Since he's one of the most popular artists in jazz, I don't imagine many people need much introduction to Keith Jarrett. And although he's also one of the most controversial, in part due to his onstage vocalizing and offstage opinions, I don't think many people question his influence. Virtually every mainstream pianist since the 60s has borrowed heavily from Jarrett, Chick Corea, Herbie Hancock, or McCoy Tyner, and Jarrett's early-70s efforts for the ECM label started a fashion for solo piano that has lasted out the century. Of Jarrett's group projects, none has endured like this one, his "standards trio," formed in the early 80s with limber bassist Gary Peacock and constantly surprising drummer Jack DeJohnette. Paradoxically, playing in this group gives Jarrett more freedom than playing alone: on solo pieces he often locks himself into a closed loop, with only his own inspiration to rely on, but here his romanticism can sail above the chords and rhythms outlined by his bandmates. More than his exquisite touch, bountiful voicings, and carefully channeled passion, Jarrett's great (if rarely recognized) strength is his unlikely combination of two towering influences: Bill Evans and Ornette Coleman, who both played a vital role in blurring the lines that traditionally separated melody and rhythm in jazz. Jarrett's lyricism stems from his love for Evans, but his sharply angled melodies have more in common with Coleman's. The trio originally favored pop standards, but by the early 90s its repertoire had come to include plenty of jazz tunes as well, by Gillespie, Monk, Parker, and others. That mix of popular song and classic jazz characterizes Tokyo '96 (ECM), released the summer of '98--one of the last recordings Jarrett made before his long bout with chronic fatigue syndrome, which delayed this concert two and a half years. Friday, 8 PM, Orchestra Hall, Symphony Center, 220 S. Michigan; 312-294-3000 or 800-223-7114.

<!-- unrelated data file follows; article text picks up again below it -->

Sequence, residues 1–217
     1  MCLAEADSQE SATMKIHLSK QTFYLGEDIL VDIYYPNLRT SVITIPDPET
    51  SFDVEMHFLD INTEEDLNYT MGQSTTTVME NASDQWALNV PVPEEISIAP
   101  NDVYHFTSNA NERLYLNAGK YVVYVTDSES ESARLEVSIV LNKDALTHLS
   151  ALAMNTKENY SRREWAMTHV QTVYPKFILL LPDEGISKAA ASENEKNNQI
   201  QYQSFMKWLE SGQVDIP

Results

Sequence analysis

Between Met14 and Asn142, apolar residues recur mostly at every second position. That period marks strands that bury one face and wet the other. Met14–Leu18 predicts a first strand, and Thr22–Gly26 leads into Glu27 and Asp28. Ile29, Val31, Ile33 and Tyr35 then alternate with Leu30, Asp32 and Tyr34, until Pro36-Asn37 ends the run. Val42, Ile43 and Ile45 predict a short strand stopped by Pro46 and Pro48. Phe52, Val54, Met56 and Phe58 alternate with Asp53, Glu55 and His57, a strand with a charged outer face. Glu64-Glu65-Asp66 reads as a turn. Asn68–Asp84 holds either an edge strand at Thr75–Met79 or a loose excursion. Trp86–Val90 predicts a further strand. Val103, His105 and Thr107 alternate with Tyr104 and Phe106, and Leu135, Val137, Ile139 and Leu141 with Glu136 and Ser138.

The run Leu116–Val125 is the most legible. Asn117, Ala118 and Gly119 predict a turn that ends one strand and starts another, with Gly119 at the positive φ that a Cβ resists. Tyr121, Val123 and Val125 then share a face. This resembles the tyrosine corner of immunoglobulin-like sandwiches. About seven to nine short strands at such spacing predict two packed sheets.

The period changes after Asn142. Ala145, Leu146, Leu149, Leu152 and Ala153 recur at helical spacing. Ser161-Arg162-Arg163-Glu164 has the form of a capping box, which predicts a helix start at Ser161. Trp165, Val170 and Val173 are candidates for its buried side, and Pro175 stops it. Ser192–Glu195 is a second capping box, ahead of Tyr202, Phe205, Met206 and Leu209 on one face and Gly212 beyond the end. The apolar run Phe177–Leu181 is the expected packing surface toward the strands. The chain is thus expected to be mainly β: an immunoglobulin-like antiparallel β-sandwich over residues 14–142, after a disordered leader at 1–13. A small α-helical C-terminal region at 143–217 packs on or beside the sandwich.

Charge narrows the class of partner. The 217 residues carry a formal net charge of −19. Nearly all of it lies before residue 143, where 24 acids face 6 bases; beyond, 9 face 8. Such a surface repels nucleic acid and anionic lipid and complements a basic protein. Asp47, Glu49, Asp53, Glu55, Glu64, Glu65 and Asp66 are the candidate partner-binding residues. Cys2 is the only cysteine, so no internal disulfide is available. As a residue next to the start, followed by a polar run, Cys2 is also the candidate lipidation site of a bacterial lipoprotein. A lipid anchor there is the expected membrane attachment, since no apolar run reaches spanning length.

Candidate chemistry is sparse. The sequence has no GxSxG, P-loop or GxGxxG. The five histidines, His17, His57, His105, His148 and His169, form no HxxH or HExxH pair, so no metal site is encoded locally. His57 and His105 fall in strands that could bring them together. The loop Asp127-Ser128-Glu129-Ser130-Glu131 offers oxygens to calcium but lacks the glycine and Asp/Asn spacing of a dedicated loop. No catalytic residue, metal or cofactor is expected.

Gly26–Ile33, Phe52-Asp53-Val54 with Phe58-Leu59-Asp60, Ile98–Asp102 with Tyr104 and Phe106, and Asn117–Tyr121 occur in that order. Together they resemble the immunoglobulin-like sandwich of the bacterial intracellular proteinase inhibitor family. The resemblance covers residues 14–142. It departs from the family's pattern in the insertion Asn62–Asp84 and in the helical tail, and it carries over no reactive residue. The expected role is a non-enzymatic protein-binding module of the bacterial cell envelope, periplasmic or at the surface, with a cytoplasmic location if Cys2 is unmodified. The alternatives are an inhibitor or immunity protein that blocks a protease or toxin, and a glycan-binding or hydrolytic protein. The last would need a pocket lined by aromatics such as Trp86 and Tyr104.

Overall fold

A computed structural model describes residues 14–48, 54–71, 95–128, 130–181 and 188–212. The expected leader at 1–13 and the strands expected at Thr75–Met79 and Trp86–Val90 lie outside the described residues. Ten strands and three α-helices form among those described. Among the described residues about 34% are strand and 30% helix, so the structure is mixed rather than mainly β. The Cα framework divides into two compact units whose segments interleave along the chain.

Art accompanying story in printed newspaper (not available in this archive): photo/Judith Jay Ross.